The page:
I got home from vacation and found a Christmas cards from former students. One who graduated in 1985 and one who graduated in 1978. These cards and these former students are the reasons I keep teaching. I just called my 1978 student. She is now 46 years old and lives in North Carolina with her army retired, now mail carrier husband and her two children, ages 16 and 10. She was just 15 when we met. M was a favorite student. Everyone loved her, mostly because she loved school and loved learning. I got to know her really well and never realized that she was just a few years younger than I was. She had a terrible home life. Her dad tried to rape her and she watched her mom try to commit suicide by jumping out of a window. She had to barricade her room at night to keep the rats out. Her brothers ended up in jail and her sisters all were pregnant. But, there was something about M that kept her going. She cried whenever there was a school vacation. She was always clean and bright, although her apartment was often without hot water. She ended up getting a part time job working for Jim Henson while she was in school. She flourished there. I remember her walking me around the town house he used as an office and picking up some of the Emmies the Muppets had one. She was a poor girl who was making it. Someone in the office befriended her and helped her get into a good college. Unfortunately, she only completed three years there, but that is okay. She ended up joining a church group and being who she was, she immediately became a congregation favorite. She met her husband through the group, and followed him on two tours of army service in Germany. She succeeded where others in similar predicaments failed. I remember going to guidance and trying to get her help. Thirty years ago help was not available to abused children. I remember the guidance counselor telling me "Don't say anything to anybody. You will make her life worse." As a 23 year old inexperienced teacher, I took this counselor's advise and did nothing but stay friends with M and help her as much as possible. Thank goodness things are different today.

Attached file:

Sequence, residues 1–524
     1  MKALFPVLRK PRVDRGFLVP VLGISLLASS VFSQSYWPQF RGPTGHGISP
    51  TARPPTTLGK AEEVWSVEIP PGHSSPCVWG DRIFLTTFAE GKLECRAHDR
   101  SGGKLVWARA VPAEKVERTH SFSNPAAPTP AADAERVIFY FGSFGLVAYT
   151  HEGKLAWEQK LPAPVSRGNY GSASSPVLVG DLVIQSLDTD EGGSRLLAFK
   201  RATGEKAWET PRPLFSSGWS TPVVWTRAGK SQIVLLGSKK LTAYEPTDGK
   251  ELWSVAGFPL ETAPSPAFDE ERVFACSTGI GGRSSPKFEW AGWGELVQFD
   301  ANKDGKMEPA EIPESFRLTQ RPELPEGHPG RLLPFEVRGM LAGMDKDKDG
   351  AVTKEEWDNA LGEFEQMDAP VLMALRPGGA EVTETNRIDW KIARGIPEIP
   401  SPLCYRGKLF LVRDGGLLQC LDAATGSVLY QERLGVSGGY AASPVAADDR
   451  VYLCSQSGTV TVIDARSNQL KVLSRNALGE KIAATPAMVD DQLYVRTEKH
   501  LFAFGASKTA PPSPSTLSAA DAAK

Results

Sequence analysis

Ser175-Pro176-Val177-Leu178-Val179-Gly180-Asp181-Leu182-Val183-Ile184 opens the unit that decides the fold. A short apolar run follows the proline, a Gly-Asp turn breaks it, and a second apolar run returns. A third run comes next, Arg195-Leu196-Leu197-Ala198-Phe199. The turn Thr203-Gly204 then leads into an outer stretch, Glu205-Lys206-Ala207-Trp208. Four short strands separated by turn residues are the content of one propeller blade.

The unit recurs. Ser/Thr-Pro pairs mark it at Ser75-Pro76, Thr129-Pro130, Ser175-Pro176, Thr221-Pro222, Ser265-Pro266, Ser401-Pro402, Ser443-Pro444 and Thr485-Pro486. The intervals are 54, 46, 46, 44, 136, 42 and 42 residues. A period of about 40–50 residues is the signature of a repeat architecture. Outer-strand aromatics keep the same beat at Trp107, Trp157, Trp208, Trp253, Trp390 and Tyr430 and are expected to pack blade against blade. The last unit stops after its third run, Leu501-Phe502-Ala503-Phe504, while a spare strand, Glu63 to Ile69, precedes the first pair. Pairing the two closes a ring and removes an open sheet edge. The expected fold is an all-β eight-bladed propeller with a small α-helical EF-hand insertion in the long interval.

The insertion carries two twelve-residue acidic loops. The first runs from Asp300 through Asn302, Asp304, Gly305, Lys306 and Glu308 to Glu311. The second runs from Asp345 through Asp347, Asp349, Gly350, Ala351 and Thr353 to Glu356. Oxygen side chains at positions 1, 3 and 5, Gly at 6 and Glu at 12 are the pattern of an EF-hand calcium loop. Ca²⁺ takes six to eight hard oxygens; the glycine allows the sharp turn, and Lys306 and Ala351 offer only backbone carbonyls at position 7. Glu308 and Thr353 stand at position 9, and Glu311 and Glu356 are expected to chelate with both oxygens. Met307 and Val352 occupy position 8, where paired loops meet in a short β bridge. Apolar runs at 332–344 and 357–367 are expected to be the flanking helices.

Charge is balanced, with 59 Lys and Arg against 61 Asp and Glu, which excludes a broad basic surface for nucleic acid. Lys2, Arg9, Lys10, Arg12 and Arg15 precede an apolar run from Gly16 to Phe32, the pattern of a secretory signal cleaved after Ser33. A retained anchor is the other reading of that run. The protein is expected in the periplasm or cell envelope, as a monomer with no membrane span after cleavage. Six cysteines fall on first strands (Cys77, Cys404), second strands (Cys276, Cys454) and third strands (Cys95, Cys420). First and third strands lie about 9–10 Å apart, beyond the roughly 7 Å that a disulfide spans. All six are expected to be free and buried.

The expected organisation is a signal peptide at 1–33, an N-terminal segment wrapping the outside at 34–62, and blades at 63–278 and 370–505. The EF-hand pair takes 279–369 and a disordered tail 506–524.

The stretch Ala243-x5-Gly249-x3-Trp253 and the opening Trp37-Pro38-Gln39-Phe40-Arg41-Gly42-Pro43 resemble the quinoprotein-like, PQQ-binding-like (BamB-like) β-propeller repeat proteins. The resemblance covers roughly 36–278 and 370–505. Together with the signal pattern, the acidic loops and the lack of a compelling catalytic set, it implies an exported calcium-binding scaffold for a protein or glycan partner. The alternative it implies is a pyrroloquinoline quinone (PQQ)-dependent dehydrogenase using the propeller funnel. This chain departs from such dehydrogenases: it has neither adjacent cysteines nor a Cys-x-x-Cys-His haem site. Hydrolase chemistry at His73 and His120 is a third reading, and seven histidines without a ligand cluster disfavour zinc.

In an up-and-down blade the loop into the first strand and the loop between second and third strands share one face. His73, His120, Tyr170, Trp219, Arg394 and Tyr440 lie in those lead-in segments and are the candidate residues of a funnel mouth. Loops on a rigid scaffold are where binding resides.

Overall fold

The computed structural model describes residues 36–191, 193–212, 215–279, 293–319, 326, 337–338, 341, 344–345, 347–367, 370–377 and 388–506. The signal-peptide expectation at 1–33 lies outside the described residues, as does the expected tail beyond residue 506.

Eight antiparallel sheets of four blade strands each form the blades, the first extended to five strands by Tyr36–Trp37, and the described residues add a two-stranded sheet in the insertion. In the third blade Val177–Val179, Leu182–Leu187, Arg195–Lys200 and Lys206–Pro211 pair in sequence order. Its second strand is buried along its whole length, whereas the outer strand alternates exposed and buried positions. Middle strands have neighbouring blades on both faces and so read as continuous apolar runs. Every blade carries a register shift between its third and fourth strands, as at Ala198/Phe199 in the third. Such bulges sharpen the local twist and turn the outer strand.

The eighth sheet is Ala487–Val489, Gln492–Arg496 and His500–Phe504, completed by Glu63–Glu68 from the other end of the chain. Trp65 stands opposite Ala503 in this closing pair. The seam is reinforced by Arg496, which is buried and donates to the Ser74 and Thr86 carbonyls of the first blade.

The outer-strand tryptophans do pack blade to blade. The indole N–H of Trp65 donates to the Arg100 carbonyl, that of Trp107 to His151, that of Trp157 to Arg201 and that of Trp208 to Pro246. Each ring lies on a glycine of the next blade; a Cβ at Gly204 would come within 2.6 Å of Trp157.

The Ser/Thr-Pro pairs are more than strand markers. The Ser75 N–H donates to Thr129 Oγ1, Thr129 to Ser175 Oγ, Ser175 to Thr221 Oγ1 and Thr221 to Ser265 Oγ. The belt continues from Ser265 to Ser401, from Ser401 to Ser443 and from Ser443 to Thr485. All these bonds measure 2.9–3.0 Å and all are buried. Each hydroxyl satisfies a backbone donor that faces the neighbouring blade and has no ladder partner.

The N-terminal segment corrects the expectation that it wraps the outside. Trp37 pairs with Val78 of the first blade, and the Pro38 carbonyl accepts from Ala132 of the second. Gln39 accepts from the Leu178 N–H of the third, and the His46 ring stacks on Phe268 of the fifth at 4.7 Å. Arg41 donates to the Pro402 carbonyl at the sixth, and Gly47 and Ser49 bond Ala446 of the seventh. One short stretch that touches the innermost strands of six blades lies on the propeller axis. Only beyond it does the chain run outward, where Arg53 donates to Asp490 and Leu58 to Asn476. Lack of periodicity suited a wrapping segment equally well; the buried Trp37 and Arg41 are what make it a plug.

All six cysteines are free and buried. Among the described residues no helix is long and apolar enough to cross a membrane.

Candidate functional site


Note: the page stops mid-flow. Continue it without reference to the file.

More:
I will be old enough to retire next week. I have enough years in to collect a nice pension, but I am not ready to go. I will not let the Principal Suits push me out. I know I can still make a difference in a child's life and I won't stop doing it until I feel ready to go.